In Praise of the Humble Kettlebell


Kettlebells

Kettlebells by Cajie, on Flickr

Confession: I totally love kettlebells. I like walking, I like running, there is definite pleasure to lifting other kinds of weights. I despise all machines, including treadmills and ellipticals. But I LOVE kettlebells.

I’m not sure why, but there is something incredibly satisfying to me in swinging a heavy kettlebell. Currently my record is swinging a 60 lbs kettlebell a total of 225 times over the course of an hour-long class. I was sore afterwards, but very proud and happy. I am woman, hear me roar.

Of course, there’s always room for improvement. I can do a clean and overhead press with 20 lbs.  I can do a Turkish get-up with a 15 lbs kettlebell for sure, and on a good day with a 20 lbs one. But my aim is one day to approach the strength and concentration of this incredible girl (that’s a 28 KILOGRAM kettlebell she’s got there, that’s over 60 lbs).

A good kettlebell workout is weight training and high-intensity interval training rolled into one, so when you’ve finished a session, you don’t have to do anything else. That’s an important plus for people with busy lives, especially moms. You lift, you swing, you squat with different weights according to your abilities, and your muscles respond with love.

I’ve been playing with kettlebells for a couple of years now, and I’ve had people tell me I look younger – I’m certainly in better shape than I was in my thirties and early forties. To be fair, I produced three children in seven years during that time, so I’m not too hard on myself. But it’s nice to be strong now. I’m hoping to escape the batwings of my heredity, or at least reduce them severely. There are other parts of the female anatomy that respond well to this kind of exercise (as well as going easy on the carbs, of course, but that’s another post).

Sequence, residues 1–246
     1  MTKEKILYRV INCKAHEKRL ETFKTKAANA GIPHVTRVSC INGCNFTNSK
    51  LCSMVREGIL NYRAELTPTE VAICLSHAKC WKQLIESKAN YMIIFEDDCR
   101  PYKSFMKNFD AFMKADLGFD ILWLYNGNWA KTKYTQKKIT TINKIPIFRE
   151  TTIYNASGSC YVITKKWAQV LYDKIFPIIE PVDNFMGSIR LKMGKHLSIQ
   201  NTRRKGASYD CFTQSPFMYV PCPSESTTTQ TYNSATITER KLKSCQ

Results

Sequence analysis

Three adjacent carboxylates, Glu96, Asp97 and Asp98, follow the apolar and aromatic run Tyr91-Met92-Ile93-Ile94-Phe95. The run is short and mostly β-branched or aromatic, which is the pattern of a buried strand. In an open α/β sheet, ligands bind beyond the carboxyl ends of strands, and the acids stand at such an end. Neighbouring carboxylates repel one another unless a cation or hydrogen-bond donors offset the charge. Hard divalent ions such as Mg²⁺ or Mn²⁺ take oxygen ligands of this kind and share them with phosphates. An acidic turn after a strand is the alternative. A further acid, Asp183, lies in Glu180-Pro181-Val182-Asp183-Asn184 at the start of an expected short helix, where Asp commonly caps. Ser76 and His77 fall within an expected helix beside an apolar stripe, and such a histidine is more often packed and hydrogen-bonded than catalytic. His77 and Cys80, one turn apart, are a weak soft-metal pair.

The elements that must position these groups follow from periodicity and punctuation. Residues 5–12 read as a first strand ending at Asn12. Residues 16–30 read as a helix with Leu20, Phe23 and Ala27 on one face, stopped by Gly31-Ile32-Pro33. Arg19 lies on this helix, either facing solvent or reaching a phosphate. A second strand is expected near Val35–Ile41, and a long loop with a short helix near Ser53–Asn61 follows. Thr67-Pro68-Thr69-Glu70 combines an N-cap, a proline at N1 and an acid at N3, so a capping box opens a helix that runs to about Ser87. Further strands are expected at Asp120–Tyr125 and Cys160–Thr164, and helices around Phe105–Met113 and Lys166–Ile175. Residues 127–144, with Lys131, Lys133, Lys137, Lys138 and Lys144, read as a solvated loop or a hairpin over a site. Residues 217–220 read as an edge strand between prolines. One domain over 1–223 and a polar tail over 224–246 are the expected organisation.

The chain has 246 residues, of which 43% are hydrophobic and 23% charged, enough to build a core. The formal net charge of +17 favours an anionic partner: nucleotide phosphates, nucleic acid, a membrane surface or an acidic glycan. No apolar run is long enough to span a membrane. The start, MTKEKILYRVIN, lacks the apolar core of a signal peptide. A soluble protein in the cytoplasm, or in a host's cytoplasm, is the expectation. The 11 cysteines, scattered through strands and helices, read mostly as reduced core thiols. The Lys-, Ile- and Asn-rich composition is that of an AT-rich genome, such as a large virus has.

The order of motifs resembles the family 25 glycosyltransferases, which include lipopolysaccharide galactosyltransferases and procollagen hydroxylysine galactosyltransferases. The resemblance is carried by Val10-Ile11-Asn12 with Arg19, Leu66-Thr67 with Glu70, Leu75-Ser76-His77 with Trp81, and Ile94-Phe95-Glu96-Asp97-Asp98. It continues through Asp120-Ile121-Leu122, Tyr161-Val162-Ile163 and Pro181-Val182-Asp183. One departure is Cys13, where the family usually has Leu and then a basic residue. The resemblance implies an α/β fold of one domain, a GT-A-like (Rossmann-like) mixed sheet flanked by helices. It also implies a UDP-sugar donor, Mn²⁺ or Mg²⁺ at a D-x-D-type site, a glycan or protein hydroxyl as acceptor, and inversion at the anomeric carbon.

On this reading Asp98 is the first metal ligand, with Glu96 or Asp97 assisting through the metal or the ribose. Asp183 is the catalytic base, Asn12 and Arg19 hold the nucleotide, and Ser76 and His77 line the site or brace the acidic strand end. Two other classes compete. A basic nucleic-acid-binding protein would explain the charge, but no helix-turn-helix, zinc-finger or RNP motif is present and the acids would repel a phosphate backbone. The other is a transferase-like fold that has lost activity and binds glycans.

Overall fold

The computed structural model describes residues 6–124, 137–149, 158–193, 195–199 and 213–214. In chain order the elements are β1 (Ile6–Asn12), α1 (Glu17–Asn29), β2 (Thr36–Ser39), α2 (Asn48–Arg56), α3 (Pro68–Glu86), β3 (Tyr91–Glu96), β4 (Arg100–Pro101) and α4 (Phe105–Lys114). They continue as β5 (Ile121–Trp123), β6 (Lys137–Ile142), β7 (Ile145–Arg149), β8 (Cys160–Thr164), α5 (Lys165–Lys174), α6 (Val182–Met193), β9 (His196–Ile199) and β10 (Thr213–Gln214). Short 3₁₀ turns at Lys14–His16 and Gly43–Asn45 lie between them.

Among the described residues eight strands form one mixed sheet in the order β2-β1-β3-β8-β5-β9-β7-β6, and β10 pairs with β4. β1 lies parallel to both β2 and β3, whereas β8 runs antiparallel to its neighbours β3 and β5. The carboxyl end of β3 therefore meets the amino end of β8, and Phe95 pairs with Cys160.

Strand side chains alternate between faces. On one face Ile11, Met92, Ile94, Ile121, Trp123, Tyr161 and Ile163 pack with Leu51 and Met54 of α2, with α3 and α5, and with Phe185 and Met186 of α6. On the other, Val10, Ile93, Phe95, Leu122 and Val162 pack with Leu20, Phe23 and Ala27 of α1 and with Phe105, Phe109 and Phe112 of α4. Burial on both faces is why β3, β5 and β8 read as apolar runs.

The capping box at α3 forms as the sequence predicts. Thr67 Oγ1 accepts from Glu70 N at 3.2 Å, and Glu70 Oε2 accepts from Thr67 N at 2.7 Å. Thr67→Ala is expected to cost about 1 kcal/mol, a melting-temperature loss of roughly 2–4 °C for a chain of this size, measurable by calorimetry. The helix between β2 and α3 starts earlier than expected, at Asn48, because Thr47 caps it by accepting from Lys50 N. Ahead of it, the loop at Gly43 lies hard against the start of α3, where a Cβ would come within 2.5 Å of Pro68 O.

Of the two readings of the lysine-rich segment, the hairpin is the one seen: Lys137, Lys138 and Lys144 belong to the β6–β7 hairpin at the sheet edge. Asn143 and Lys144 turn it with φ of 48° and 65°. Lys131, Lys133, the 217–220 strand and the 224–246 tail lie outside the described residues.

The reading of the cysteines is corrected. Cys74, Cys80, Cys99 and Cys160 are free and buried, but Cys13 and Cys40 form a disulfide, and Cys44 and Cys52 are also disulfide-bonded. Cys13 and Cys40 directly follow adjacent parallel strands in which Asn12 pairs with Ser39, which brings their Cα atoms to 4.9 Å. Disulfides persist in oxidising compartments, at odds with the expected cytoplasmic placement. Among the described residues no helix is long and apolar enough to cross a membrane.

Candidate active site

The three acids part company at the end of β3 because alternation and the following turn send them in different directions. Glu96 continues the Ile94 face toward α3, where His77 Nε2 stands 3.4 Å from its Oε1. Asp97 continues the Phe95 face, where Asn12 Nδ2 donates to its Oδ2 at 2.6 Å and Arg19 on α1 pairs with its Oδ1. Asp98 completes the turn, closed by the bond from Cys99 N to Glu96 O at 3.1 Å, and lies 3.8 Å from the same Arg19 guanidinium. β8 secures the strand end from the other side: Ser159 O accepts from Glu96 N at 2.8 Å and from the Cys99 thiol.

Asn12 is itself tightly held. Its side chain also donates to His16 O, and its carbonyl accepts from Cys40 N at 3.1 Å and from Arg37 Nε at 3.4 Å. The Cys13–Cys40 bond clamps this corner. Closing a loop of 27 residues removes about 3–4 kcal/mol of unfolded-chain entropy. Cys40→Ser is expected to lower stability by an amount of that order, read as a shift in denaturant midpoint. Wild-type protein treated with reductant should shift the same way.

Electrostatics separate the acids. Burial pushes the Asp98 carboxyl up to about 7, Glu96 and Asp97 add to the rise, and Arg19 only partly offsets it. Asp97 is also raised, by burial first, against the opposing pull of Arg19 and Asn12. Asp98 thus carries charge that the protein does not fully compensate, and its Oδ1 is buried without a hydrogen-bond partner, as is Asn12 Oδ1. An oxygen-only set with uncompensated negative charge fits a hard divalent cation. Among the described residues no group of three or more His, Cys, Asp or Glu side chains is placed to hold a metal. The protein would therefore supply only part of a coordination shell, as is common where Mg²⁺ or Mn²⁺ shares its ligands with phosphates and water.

It’s not just vanity, though. It’s great to be strong and healthy in everyday life. I can pick up a potted coffee plant that’s as tall as I am and put it out on the deck without any help. I have lifted my fourteen-year-old, much to his chagrin, so I know I could get him out of a burning building, G-d forbid. My mother lost her battle with the complications of diabetes at the age of 69, and that is not going to happen to me.

How about you, what is your favourite workout? How do you keep yourself strong and healthy? Who wants to come to kettlebell class with me? I promise we will give you a small one to start with!

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3 Responses to “In Praise of the Humble Kettlebell”

  1. Peter Wright Says:

    Good description of what kettlebell exercises can do for you. Your 225 swings of a 60lb weight in an hour sounds like a punishing work out for any one.

    Don’t you miss the quiet solitude of running though? I did try daily gym sessions when I was preparing for ultra-marathons.

    They helped with upper body strength and all round fitness but I much preferred the solo early morning runs combined with the camaraderie and good natured competition of organised weekend races.
    Peter Wright recently posted…Diving InMy Profile

  2. Hadass Eviatar Says:

    Oh, it wasn’t punishing, although by the end I was tired, of course. it wasn’t a solid hour of swinging, that would have been awful. We did other things in between, then kept returning to the swinging. Hence the comment of it being high-intensity interval training.

    I do enjoy running, although I am not interested in running long distances – I don’t think that is a healthy thing to do. I wouldn’t go to the gym daily, either! Didn’t you spend any time recuperating and letting your muscles grow and recover? I’m glad you don’t do ultra-marathons anymore – what made you stop?

  3. 06.25.13 | CrossFit 312 Says:

    […] article in praise of the humble kettlebell recipe asparagus ribbons in lemon dressing […]

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